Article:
After the care conference, Jeremiah and my parents went home. Isaac woke up feeling great after his long nap, and he and I spent the next three hours just playing. Cars, blocks, dance party, dinosaurs. He laughed more that evening than I had heard in weeks combined, and I went to sleep forever grateful for those hours. We took Isaac home the next afternoon, still reeling from the emotional rollercoaster of the past days. We have been home now for a week and a half, and Isaac is still doing great. He has his ups and downs, easier treatments and harder treatments, generally uneventful days and moments that get us all shaken up again. He has started to get startled more often, more anxious, and I have heard him cry out in fear at least ten times in the past three days, which is unlike him. But he also spent most of yesterday talking and cooing, and after an afternoon of watching cartoons today, he laughed his adorable little "heh, heh, heh" all evening. Now more than ever before, we are taking this one day at a time. I didn't know it was possible to live in the moment more than we had been, but lo and behold we are managing it.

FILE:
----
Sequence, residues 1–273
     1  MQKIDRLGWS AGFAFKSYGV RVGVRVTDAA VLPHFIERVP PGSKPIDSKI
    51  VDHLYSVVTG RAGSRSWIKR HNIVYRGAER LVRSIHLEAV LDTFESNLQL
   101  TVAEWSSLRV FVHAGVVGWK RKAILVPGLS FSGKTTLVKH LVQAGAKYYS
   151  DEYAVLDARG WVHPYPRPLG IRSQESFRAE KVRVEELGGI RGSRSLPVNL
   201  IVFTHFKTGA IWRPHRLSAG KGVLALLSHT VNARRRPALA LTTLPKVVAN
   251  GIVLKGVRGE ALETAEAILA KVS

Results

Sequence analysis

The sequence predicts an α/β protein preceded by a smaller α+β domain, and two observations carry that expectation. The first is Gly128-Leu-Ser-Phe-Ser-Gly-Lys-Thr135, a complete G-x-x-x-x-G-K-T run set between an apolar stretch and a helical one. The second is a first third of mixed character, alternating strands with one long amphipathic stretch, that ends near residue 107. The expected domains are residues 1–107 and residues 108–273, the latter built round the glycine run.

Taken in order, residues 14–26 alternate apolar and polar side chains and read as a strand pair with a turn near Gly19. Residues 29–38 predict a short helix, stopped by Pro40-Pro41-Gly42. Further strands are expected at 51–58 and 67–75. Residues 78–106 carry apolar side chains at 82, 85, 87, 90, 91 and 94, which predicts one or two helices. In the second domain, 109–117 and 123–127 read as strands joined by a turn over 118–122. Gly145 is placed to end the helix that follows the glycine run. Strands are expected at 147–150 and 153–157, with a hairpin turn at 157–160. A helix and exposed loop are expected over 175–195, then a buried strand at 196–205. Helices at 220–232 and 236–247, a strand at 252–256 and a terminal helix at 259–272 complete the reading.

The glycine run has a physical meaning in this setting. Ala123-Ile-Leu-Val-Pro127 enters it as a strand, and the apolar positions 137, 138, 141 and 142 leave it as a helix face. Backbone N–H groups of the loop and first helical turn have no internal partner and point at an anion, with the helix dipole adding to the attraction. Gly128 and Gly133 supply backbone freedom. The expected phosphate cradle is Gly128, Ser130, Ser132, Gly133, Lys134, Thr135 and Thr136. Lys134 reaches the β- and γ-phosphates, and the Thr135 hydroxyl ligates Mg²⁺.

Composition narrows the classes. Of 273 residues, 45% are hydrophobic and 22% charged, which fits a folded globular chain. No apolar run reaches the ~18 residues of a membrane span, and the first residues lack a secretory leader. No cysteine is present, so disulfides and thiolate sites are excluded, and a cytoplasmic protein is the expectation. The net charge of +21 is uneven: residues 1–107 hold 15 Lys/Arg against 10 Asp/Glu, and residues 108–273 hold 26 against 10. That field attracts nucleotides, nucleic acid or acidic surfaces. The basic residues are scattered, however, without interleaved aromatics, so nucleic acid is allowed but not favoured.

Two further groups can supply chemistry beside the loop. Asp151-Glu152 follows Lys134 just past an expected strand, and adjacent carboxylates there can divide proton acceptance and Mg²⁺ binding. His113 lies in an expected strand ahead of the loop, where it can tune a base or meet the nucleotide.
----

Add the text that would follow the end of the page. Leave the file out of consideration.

We have so many people to thank for their support and generosity, I really don't know if I can do it. I honestly lose track. But I will take a moment to thank the residents of Life Care, where I work when I can. They held a bake sale the other day, which I think they do once a year. During the planning stages, the residents decided to donate the proceeds from the sale to our family. I was so surprised when my friend Juli stopped by to drop off the proceeds, because I didn't know about the event. I was so touched by the gesture, by the love of those wonderful people that I get to see now and again.
Thank you to everyone for your prayers, your love, your friendship. We couldn't do this without you.